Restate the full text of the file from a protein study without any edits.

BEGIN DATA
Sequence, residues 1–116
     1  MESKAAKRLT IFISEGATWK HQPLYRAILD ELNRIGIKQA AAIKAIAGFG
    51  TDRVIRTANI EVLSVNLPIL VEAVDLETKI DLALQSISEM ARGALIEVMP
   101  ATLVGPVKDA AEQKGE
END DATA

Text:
Sequence, residues 1–116
     1  MESKAAKRLT IFISEGATWK HQPLYRAILD ELNRIGIKQA AAIKAIAGFG
    51  TDRVIRTANI EVLSVNLPIL VEAVDLETKI DLALQSISEM ARGALIEVMP
   101  ATLVGPVKDA AEQKGE